Ben Roberts-Smith wins access to private emails in defamation case

War veteran Ben Roberts-Smith has won access to a series of messages between lawyers defending three newspapers accused of defamation and a solicitor representing a former soldier who has agreed to testify against the Victoria Cross recipient.

The ex-soldier, known as “Person 56”, was a member of Mr Roberts-Smith’s patrol in 2012 and participated in missions in Darwan and Fasil. In allegations published in 2018, Mr Roberts-Smith was accused of being involved in the death of handcuffed farmer Ali Jan during the Darwan mission.

Ben Roberts-Smith is suing The Age and The Sydney Morning Herald over the reports.Credit:Edwina Pickles

In a decision handed down on Tuesday, Federal Court justice Wendy Abraham ruled that the contents of four emails sent by the papers’ lawyers, and information contained within another communication with a lawyer for the Department of Defence, were not protected by privilege and must be handed over.

Mr Roberts-Smith is suing The Age, the Herald and The Canberra Times over a series of stories starting in June 2018 that he alleges accused him of war crimes and an act of domestic violence against a woman with whom he was having an extramarital affair. He denies all wrongdoing.

Of the communications, three of the emails contained information that lawyers acting for the newspapers had argued were developed for the purposes of obtaining legal advice and therefore privileged.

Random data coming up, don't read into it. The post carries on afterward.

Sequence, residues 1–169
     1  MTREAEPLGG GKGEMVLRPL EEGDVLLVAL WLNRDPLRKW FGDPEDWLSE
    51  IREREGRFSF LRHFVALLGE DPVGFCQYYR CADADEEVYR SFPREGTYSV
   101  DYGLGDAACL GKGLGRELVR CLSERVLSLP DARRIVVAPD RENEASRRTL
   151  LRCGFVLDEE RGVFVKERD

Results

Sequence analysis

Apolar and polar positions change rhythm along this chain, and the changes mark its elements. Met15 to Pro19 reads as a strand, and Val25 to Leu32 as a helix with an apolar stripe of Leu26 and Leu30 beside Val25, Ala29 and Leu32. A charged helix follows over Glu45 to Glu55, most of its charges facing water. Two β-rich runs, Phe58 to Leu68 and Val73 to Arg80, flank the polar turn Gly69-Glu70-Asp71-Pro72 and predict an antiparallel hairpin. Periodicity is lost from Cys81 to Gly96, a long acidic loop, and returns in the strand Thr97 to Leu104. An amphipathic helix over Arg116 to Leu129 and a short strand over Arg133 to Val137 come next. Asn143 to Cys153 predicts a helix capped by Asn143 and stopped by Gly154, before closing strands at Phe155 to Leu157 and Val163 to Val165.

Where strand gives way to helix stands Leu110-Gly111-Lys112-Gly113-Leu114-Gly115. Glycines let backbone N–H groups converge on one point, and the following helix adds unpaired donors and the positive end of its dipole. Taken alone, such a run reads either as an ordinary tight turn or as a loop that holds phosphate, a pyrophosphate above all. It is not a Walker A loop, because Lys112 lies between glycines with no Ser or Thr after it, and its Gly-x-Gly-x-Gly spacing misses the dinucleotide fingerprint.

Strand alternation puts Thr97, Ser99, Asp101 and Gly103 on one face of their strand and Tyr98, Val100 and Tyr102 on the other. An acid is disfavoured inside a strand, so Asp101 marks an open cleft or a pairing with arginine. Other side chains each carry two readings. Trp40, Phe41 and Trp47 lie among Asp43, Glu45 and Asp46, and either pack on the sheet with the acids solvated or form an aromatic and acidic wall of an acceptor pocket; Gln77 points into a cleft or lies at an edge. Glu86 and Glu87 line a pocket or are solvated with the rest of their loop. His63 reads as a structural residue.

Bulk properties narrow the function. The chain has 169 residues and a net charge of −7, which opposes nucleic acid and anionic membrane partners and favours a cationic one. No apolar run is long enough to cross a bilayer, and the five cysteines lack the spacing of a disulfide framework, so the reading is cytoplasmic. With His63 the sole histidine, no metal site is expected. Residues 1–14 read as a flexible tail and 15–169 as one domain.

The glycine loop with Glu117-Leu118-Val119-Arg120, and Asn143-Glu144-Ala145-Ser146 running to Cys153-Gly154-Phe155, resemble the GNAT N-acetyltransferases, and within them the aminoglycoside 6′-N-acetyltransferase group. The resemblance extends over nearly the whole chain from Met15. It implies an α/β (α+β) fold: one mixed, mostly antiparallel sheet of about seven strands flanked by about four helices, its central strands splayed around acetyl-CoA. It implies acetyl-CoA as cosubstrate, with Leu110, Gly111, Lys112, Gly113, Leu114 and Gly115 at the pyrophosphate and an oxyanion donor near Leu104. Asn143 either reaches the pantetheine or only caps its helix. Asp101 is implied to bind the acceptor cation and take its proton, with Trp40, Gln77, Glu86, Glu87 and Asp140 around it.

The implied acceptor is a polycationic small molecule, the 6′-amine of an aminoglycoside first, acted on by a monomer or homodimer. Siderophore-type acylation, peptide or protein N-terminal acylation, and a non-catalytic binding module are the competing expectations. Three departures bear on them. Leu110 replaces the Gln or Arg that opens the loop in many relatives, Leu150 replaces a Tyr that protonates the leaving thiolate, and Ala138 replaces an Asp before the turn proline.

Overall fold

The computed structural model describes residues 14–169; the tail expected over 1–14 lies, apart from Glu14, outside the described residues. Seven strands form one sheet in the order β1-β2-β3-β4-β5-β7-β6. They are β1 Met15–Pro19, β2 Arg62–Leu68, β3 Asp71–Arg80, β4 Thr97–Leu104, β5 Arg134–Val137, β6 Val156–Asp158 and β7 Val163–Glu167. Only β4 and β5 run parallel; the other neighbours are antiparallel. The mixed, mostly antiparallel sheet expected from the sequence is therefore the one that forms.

Another one of the emails, written by Minter Ellison lawyer Dean Levitan to solicitor Sam Richter, who is representing Person 56, discussed the circumstances under which the former soldier could give evidence in court against Mr Roberts-Smith.

Additionally, the contents of a private conversation between lawyers representing the papers and Mr Richter, which was conveyed by Mr Richter to Department of Defence lawyer Anthony Reilly, must also be handed over.

Client legal privilege is a legal right which entitles individuals and organisations to obtain legal advice about their circumstances and keep it confidential.

Mr Robert-Smith’s barrister Arthur Moses, SC, argued that the papers’ lawyers had implicitly waived privilege and Mr Roberts-Smith’s legal team was therefore entitled to the documents.

The news outlets are relying on a defence of truth to defend their claims, and have applied to the Federal Court to call Person 56 as a witness when the trial resumes next year.

A picture of the village of Darwan, where Afghan witnesses have given evidence about the actions of Ben Roberts-Smith.

The court had previously found that a report prepared by investigative journalist Ross Coulthart, a former reporter for Channel Seven, which summarised allegations and rumours about Mr Roberts-Smith would remain secret, after it found it could not be used because it was covered by legal privilege.

Federal Court Justice Anthony Besanko said the trial would resume in Sydney in February next year after a six-month pause owing to coronavirus restrictions.

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